Session Initiation Protocol (SIP);
Secure Real-Time Transport (SRTP); and
Multimedia Internet KEYing (MIKEY).

12. A method for cryptographic synchronization of data packets, said method comprising the steps of:

receiving a data packet at a transmitter for transmission to a receiver, said data packet including a packet sequence number(s);
determining whether a function F(s) of said packet sequence number is equal to a predetermined value, where F(s) is previously agreed to by said transmitter and said receiver;
if F(s) is equal to said predetermined value: computing and appending a code to said data packet, wherein said code is a function of an authentication key associated with said data packet and a transmitter roll-over counter (ROC) value, said transmitter ROC value corresponding to a counter in said transmitter that is incremented whenever a sequence number counter in said transmitter rolls over; appending said transmitter ROC value to said data packet; transmitting said data packet to said receiver; otherwise, if F(s) is not equal to said predetermined value: transmitting said data packet to said receiver without appending said transmitter ROC value; receiving said data packet at said receiver;
determining if said transmitter ROC value is appended to said data packet, wherein the presence of a transmitter ROC value is indicated if F(s) is equal to said predetermined value;
if the data packet does includes a transmitter ROC value: performing security processing using the transmitter ROC value rather than a receiver ROC value, said security processing comprising the steps of: determining the integrity of the data packet; and, if the integrity of said data packet is not confirmed, dropping said data packet; otherwise, if the integrity of said data packet is confirmed: setting said receiver ROC value to the transmitter ROC value:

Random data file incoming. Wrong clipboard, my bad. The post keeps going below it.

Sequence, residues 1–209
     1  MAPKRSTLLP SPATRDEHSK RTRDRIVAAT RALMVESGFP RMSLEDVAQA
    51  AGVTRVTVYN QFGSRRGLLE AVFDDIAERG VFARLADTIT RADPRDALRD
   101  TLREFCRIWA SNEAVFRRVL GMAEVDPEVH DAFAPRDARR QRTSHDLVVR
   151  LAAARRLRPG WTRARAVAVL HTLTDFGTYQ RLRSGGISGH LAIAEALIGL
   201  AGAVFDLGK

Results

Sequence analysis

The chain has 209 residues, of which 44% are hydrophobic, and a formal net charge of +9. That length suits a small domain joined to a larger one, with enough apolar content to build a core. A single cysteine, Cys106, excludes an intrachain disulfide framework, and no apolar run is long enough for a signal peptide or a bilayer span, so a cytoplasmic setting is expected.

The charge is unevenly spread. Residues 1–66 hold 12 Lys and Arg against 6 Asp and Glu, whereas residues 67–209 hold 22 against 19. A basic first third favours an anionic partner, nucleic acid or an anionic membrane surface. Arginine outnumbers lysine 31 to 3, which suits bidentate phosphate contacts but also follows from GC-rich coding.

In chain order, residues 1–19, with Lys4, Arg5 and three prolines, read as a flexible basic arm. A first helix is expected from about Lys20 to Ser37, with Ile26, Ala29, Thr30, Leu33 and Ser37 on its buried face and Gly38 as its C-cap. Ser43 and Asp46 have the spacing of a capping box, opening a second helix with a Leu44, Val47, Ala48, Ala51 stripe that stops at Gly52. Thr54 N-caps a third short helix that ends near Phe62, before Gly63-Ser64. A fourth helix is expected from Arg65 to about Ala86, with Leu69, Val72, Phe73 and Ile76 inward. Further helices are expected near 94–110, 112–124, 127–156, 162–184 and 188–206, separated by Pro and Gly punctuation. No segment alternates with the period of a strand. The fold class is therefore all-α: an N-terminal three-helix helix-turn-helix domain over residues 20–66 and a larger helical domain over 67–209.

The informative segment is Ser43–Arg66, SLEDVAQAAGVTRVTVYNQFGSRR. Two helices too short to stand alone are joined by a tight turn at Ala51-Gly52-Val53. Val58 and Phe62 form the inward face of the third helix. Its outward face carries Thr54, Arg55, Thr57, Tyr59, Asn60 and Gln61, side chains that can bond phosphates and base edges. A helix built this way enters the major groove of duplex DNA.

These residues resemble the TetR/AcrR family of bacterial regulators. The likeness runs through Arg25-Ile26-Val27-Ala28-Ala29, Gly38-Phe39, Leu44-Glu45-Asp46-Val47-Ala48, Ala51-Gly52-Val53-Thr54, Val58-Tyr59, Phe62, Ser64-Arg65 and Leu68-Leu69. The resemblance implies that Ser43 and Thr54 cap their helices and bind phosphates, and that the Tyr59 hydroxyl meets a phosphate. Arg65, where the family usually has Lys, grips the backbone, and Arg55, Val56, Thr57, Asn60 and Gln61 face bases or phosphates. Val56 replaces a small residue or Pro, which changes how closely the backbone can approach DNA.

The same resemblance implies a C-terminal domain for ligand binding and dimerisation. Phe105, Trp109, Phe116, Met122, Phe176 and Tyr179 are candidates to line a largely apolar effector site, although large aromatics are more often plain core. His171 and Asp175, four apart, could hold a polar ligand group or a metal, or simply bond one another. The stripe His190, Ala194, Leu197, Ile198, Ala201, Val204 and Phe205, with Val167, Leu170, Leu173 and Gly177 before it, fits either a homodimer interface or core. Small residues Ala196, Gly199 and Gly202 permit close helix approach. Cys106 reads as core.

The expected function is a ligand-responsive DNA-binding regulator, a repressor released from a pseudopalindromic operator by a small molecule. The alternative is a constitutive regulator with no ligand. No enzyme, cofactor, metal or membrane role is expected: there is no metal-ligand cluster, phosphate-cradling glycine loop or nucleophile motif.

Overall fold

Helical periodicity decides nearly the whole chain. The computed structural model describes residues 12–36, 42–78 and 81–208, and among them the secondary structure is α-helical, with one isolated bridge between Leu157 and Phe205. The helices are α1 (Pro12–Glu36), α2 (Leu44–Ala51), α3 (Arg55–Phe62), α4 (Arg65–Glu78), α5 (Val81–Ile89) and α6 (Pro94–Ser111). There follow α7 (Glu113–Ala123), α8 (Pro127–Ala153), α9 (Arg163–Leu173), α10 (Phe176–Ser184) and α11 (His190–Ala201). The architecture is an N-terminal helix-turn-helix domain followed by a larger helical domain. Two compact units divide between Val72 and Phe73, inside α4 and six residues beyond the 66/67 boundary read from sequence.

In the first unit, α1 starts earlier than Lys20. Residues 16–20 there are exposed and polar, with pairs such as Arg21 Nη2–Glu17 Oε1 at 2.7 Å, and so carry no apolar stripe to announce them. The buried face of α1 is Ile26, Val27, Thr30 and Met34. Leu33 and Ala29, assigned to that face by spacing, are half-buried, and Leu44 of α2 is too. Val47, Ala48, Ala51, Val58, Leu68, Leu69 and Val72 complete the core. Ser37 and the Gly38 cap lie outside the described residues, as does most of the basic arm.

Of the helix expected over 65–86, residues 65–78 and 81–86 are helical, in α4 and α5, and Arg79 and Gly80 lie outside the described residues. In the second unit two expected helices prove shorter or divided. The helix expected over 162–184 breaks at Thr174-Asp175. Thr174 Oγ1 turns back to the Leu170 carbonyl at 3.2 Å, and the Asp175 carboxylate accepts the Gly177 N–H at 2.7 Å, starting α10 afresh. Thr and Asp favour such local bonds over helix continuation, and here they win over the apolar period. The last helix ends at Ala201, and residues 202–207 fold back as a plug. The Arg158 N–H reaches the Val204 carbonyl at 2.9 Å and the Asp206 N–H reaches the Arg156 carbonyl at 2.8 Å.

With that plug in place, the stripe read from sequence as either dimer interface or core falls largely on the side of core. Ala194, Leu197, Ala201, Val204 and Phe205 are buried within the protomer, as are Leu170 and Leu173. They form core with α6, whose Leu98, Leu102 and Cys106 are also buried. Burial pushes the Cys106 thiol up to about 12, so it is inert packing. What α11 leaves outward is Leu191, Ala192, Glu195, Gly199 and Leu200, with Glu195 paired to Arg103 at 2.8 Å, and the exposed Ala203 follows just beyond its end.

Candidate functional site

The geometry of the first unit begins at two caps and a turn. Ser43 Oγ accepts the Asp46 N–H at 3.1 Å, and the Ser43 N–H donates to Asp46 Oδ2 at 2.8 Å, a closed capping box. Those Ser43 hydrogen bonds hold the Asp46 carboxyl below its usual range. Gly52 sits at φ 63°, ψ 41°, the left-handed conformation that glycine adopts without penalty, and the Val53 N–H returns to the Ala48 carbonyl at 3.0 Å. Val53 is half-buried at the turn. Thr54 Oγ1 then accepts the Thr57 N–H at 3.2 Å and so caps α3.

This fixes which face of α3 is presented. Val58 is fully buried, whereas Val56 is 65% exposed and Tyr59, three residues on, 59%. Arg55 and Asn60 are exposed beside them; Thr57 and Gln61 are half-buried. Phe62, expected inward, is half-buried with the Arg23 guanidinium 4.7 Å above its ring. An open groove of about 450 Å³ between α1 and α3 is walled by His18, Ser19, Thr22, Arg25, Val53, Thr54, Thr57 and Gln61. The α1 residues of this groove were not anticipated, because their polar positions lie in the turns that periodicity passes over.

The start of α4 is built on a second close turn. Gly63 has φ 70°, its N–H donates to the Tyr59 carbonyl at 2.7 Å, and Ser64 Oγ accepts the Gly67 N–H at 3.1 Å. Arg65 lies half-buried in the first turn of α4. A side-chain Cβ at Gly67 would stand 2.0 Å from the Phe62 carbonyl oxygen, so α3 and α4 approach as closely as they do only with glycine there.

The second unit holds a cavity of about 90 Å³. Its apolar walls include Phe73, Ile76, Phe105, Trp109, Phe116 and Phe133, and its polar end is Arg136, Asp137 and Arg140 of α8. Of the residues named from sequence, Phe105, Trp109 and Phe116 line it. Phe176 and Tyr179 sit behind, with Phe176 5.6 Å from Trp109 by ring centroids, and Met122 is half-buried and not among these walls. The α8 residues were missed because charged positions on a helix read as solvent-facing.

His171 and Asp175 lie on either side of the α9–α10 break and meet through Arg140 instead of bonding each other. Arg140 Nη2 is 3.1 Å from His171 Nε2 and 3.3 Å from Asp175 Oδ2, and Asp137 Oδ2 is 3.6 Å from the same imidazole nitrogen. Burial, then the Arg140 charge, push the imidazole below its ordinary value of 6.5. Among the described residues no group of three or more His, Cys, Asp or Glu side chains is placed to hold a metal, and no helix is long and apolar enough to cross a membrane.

if the data packet does not include a transmitter ROC value: performing security processing using said receiver ROC value or an estimate of said ROC value.

13. The method recited in claim 12, further comprising the step of said transmitter communicating out-of-band with said receiver to select F(s).

14. The method recited in claim 12, wherein said sequence number counter comprises 16 bits.

15. The method recited in claim 12, wherein F(s)=1.

16. The method recited in claim 12, wherein said transmitter and said receiver agree on said F(s) using a protocol selected from the group consisting of:

Session Initiation Protocol (SIP);
Secure Real-Time Transport (SRTP); and
Multimedia Internet KEYing (MIKEY).

Referenced Cited

U.S. Patent Documents

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4974148 November 27, 1990 Matteson
5699392 December 16, 1997 Dokic
7406082 July 29, 2008 Nagarajan et al.
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Other references

  • Baugher D. McGrew Cisco Systems et al: “The Secure Real- time Transport Protocol (SRTP)” IETF Standard, Internet Engineering Task Force, IETF, CH, Mar. 2004, XP015009491 ISSN:0000-0003, p. 8 line 4, p. 9 line 5. p. 13 line 7, p. 14 line 10.
  • Baugher et al. “The Secure Real-time Transport Protocol (SRTP)” Network Working Group RFC 3711, Mar. 2004.
  • Arkko et al. “MIKEY: Multimedia Internet KEYing” Network Working Group RFC 3830, Aug. 2004.
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Patent History

Patent number: 7725709
Type: Grant
Filed: Sep 6, 2006
Date of Patent: May 25, 2010
Patent Publication Number: 20070113085
Assignee: Telefonaktiebolaget L M Ericsson (publ) (Stockholm)
Inventors: Mats Naslund (Vallingby), Karl Norrman (Stockholm), Vesa Petteri Lehtovirta (Espoo), Alex Krister Raith (San Diego, CA)
Primary Examiner: Edan Orgad
Assistant Examiner: Brian Olion
Attorney: Roger S. Burleigh
Application Number: 11/470,554